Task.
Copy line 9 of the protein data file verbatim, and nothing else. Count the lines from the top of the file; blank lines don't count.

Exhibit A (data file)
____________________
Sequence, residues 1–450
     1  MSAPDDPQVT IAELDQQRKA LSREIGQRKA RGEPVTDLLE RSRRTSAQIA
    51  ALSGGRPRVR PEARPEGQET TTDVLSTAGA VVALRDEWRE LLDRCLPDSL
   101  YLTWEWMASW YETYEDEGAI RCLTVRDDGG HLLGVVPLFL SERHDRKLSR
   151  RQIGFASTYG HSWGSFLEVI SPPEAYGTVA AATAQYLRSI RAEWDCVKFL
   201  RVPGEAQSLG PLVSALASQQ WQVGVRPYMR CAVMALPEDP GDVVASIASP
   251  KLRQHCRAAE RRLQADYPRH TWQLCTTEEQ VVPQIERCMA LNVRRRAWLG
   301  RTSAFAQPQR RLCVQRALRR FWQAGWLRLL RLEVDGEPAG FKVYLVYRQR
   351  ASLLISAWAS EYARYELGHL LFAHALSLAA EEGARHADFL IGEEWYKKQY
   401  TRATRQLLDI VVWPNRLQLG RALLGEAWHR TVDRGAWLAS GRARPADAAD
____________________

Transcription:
   351  ASLLISAWAS EYARYELGHL LFAHALSLAA EEGARHADFL IGEEWYKKQY